The producers of this set really missed out by not including any bonus features at all. The set is screaming for commentary on at least some episodes. It would be fascinating to hear Eddie Murphy’s take on producing the show and finding out what his inspirations were for some of the characters and scenarios. Even an interview with him or some of the other cast members or producers would have been nice to have, but none of that is here. Even promos from FOX or a short documentary on how the stop-motion animation was achieved would have all been good bonus features. So much could have been done here. Very disappointing.
Watching this DVD set was the first time I ever gave this series a try. At first glance, it may seem like a show that only people who can identify with the situations... who’ve lived in housing projects can enjoy, but I actually found myself laughing at the jokes and liking the characters. Any fan of animation or of Eddie Murphy’s work should consider giving this show a chance. It met a good bit of criticism when it debuted for what many called stereotypical depictions of life in the projects, but Murphy and others associated with the show insist that the show is a true representation of that life.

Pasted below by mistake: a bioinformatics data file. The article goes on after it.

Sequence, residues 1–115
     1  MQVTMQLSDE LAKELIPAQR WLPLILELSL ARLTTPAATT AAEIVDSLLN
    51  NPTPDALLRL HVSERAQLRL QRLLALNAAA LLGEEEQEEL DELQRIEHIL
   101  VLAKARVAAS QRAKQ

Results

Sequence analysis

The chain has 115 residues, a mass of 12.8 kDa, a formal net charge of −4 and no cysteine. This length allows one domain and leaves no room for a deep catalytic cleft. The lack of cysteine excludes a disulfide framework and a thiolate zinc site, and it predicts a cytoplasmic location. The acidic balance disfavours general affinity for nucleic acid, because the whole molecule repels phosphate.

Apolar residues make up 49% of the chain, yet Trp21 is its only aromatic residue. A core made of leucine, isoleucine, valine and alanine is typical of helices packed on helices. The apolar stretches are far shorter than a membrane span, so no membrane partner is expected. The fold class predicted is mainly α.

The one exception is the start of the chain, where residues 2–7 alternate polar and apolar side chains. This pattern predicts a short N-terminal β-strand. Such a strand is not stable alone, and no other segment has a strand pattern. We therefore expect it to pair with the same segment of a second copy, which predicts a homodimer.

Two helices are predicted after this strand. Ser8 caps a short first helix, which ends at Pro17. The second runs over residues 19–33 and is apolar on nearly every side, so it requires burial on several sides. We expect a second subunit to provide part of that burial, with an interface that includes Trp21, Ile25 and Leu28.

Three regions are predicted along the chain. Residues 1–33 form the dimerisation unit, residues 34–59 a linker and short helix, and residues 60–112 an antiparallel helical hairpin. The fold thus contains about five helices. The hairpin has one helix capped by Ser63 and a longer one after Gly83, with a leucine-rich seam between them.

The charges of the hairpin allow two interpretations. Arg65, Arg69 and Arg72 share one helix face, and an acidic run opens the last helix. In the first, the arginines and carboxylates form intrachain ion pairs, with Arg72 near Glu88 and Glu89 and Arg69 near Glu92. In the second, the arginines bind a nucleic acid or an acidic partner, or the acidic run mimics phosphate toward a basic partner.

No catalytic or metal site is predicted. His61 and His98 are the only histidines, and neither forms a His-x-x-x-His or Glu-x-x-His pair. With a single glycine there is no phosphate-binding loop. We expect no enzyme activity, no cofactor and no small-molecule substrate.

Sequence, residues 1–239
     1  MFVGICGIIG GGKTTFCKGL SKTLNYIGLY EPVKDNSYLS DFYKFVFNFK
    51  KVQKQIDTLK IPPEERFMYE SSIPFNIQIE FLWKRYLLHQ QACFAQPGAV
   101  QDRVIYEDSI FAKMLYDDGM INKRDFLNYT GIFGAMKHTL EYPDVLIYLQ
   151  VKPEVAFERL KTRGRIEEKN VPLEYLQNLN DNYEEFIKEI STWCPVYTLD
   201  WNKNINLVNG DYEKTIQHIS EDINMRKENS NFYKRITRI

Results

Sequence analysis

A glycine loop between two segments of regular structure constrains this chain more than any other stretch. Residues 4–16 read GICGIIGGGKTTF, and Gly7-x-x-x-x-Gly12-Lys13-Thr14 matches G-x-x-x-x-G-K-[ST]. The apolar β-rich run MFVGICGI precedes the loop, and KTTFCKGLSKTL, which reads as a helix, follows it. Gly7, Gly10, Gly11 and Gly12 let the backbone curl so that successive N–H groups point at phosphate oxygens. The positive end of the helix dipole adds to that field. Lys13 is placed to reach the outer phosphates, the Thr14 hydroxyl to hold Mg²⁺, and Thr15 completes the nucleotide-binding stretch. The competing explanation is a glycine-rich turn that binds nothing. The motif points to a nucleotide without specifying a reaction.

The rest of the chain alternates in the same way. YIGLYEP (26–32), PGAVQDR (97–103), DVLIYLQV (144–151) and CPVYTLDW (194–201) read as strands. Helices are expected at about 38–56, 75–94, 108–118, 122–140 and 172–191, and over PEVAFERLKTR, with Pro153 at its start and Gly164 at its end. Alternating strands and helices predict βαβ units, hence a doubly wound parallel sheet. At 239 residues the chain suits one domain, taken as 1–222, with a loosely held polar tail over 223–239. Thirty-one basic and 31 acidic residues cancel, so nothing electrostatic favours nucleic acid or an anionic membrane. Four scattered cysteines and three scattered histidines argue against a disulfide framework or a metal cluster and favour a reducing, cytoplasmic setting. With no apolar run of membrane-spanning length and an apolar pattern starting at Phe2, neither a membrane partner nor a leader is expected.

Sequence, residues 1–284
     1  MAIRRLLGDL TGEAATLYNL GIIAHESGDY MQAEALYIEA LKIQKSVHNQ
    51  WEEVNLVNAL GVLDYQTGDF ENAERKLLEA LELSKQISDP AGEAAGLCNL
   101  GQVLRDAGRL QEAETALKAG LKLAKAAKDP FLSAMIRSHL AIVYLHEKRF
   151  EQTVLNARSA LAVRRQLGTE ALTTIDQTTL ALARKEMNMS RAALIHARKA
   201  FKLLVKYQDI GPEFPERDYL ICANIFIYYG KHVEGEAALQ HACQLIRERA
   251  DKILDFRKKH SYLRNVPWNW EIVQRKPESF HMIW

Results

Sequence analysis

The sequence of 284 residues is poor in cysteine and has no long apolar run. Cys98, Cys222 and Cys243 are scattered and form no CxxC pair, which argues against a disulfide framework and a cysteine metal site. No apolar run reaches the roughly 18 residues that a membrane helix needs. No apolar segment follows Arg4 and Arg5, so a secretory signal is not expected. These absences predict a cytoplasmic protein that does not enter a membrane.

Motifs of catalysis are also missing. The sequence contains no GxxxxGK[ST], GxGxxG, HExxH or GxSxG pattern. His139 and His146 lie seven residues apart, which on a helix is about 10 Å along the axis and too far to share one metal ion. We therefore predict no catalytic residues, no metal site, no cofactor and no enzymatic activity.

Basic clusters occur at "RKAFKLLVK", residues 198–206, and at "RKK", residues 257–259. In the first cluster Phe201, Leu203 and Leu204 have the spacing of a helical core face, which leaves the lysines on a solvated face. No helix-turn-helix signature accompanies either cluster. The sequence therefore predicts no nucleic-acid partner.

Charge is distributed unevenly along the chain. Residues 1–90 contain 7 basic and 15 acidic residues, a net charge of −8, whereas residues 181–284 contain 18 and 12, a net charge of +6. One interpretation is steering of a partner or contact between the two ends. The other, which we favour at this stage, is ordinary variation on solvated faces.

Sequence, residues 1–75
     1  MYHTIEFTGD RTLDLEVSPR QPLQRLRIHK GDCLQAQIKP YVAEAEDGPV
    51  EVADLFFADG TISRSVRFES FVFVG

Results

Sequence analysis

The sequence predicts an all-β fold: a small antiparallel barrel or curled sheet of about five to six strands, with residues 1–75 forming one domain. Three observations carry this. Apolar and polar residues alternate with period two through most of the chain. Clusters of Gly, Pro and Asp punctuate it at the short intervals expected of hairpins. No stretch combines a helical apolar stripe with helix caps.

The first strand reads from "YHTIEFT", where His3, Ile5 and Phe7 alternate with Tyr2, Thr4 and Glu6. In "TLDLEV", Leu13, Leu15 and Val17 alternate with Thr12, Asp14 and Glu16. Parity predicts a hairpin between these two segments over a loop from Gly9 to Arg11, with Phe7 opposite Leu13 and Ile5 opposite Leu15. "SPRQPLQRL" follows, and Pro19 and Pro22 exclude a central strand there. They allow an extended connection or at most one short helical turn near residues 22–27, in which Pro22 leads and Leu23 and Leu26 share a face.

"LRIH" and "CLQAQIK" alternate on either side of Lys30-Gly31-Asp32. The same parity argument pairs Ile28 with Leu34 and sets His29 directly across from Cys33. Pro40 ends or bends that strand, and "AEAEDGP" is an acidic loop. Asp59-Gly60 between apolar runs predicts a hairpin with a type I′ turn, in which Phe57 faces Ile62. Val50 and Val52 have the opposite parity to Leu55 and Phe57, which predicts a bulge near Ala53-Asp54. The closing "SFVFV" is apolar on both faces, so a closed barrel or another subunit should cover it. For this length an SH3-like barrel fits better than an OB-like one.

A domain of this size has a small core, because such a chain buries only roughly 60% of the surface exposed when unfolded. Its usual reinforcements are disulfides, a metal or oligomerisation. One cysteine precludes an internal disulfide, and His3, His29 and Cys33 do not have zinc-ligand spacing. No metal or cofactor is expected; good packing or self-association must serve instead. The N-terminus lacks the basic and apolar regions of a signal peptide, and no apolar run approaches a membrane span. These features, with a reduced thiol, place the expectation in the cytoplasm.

That said, the show’s representation on DVD here is hit and miss at best. Video quality is soft, there’s a lack of information on episode content, and above all, there are no special features. Lionsgate could have done so much better with this set. Season two is due in stores in July, so I hope they do much better this time around.
Final Numbers (out of 5 stars - How our point system works)
Video Quality: 3.5/5
Audio Quality: 4/5
Special Features: 0/5
Menu Design/Navigation: 4/5
-- Reviewed by Greg Brobeck on 05/10/11
To purchase the DVD, click below and help support SitcomsOnline.com:
Questions or comments about this set? Post on our message board:
Please e-mail me with your sitcom related questions, sitcoms to add, and suggestions for additional links. © 1999-2014, Todd Fuller Contact Form